Date of Award


Document Type


Degree Name

Doctor of Philosophy (PhD)


Biomedical and Chemical Engineering and Sciences

First Advisor

Nasri Nesnas

Second Advisor

Joel Olson

Third Advisor

Yi Liao

Fourth Advisor

Eric Guisbert


The spatiotemporal regulation of biomolecules in their physiological environment is an essential aspect of biological research. In neuroscience, the activity of neurotransmitters can be regulated by protecting the molecules with photoresponsive protecting groups (PPGs), also known as cages. Diverse set of PPGs have been developed for caging of biomolecules. PPGs can be categorized based on their absorbing wavelengths (ranging from UV to near-IR) and photochemical properties (quantum yield, photo-cross section, solubility). PPGs absorb light and undergo intramolecular electron transitions and bond rearrangements that result in the release of the caged substrates. Hence, the caging of a specific substrate is unique and comes with its own set of challenges. Glutamate is an important neurotransmitter that has been used as a substrate for caging. One of the most efficient caged Glu in use is the CDNI-Glu (4- carboxymethoxy-5,7-dinitroindolinyl glutamate). Despite its superior photophysical qualities, the ability to use CDNI-Glu in neuroscience experiments is limited by the challenges of its intricate synthetic process. We devised an improved synthetic procedure to access CDNI-Glu that reduced the total number of steps (from 10 to 4 steps) and the process time from 200 h to 40 h. This also resulted in an increased overall yield (from 10 to 20%). The photochemical properties of the resulting CDNI-Glu were experimentally determined via 1H NMR and UV/Vis spectroscopy. The CDNI-Glu was uncaged in an in vitro mouse hippocampal brain slice with two-photon radiation to evaluate its performance in physiological conditions. CDNI-Glu generates off-target effects with GABAA receptors in the synapse (GABAA inhibition), limiting the concentrations at which this molecule is useful. It has been shown that the structure of CDNI-Glu molecule is partly responsible for the GABA inhibition effects. Therefore, we designed variations of CDNI-Glu by which the PPG was attached to the other two functional groups. We named these novel structures of caged Glu α-CDNI-Glu and the N-CDNI-Glu, referring to the position of protection. We compared their photochemical properties to those of the conventional CDNI-Glu. Furthermore, a completely different form of CDNI-Glu was designed by tethering a modified β-cyclodextrin via click chemistry (CDNIGlu-β-CD). The bulkiness of β-cyclodextrin was expected to enhance the solubility of the CDNI-Glu further while also preventing GABAA inhibition. The technology of activating genetically modified neuronal receptors with designer drugs is known as chemogenetics/pharmacogenetics. There are two main classes of designer drugs based on the type of receptor they target. The GPCR (Gprotein coupled receptor) targeting drug DREADD 21 and LGIC (ligand-gated ion channel) targeting drug PSEM 89 were caged with NVOC-Cl (4,5-Dimethoxy-2- nitrobenzyl chloroformate). Calcium ions (Ca2+) perform key roles in biological systems such as intracellular signaling pathways. The BAPTA (1,2-bis(o-aminophenoxy)ethane-N,N,N',N'- tetraacetic acid) based exogenous molecules are using in chelating Ca2+ ions. A visible light (470-490 nm) sensitive thiol coumarin derivative was employed in caging the BAPTA. One of the exposed carboxylic groups in the BAPTA was photo-protected to eliminate the Ca2+ chelating ability. The caged BAPTA will only chelate Ca2+ions, upon irradiation with blue light. The organocatalyst proline was caged with CDNI to form a pro-catalyst CDNIPro. The inactive catalyst was activated via UV light (350 nm) to catalyze aldol and Mannich type reactions. The CDNI-pro was applied in a biological assay to generate a biocide from self-aldol condensation of butyraldehyde.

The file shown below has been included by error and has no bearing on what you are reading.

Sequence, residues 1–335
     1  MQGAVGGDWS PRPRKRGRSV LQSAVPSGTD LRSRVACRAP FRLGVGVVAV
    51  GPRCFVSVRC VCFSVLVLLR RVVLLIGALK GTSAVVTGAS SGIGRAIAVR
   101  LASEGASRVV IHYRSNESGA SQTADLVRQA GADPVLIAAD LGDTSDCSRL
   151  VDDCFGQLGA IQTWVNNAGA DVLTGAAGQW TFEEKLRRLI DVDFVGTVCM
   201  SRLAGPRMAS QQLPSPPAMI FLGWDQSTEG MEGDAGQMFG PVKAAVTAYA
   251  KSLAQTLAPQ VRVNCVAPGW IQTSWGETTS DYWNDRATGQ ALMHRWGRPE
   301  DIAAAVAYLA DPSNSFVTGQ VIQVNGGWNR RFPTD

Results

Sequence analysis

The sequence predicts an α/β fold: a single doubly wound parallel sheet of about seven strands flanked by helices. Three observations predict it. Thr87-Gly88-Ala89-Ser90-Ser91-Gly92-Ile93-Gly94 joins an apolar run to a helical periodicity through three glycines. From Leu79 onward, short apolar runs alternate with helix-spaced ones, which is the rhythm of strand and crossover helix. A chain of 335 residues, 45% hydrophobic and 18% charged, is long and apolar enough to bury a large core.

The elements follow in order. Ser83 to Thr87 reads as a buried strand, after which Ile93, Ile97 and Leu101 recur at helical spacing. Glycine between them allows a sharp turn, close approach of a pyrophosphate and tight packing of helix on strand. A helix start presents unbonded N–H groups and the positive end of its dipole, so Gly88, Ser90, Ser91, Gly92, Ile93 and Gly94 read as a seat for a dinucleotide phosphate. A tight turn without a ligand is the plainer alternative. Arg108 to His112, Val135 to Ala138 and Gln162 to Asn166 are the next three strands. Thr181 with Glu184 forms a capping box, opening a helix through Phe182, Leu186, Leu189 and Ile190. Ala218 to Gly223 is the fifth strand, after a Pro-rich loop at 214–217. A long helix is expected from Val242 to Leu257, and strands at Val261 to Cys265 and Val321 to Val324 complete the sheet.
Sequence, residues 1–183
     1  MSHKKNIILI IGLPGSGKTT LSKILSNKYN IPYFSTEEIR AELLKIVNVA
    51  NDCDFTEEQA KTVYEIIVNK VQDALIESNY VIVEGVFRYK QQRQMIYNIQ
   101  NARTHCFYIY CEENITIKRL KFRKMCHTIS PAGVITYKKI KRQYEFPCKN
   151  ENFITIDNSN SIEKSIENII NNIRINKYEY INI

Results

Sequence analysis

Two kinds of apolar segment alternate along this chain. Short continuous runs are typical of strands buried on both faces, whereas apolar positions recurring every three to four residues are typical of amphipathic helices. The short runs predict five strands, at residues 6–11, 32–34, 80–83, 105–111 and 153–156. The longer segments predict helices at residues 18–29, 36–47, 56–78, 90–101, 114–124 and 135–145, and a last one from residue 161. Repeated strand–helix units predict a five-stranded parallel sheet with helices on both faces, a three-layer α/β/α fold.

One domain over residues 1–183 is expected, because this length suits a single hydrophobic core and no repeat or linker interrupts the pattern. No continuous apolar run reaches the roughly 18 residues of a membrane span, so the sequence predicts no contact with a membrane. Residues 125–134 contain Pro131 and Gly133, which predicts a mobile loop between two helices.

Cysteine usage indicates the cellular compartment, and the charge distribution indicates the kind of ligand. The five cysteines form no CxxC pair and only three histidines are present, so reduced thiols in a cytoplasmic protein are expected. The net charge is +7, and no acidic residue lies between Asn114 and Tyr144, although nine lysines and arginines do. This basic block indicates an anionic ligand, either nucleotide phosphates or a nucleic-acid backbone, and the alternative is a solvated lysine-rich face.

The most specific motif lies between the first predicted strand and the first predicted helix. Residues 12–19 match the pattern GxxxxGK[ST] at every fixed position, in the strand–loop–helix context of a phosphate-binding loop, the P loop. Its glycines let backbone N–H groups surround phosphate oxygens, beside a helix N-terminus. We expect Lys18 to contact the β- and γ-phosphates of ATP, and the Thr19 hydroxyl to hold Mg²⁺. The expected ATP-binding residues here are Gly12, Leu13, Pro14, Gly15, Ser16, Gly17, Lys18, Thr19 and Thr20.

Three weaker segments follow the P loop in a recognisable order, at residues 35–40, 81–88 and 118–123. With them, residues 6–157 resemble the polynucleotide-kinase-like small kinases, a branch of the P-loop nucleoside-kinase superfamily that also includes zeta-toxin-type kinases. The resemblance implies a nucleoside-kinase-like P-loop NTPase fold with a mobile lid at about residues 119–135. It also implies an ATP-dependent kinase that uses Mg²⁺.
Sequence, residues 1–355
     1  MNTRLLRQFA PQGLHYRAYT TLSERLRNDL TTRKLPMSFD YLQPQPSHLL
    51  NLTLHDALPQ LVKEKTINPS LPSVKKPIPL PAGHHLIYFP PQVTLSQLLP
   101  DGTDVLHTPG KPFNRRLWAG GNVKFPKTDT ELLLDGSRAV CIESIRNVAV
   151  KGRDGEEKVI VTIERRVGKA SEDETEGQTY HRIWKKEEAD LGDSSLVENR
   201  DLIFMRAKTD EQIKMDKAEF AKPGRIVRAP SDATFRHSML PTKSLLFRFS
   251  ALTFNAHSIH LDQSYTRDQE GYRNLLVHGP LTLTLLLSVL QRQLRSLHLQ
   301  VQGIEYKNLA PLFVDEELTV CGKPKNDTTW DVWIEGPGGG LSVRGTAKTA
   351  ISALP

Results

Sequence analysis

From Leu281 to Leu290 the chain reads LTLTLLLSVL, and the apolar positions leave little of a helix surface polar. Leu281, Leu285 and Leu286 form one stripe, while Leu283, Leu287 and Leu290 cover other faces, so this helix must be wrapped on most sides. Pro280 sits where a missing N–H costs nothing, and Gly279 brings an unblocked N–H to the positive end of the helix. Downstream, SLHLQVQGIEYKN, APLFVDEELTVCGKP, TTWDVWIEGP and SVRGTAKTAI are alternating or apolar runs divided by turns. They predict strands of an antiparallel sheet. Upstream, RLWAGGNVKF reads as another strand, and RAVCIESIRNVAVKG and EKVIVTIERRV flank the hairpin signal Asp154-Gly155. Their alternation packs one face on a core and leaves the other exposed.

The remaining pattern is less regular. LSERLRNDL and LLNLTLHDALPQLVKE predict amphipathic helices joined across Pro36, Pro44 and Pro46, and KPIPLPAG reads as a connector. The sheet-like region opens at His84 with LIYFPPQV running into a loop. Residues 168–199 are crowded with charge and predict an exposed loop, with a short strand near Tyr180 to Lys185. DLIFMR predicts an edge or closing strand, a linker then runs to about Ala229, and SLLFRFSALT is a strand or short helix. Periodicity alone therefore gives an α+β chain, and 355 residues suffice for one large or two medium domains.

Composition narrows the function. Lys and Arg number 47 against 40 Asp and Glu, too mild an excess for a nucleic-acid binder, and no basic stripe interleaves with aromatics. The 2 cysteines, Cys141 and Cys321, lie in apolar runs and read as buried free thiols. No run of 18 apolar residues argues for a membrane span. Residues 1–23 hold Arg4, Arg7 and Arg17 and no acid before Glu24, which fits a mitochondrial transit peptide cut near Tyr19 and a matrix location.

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Chemistry Commons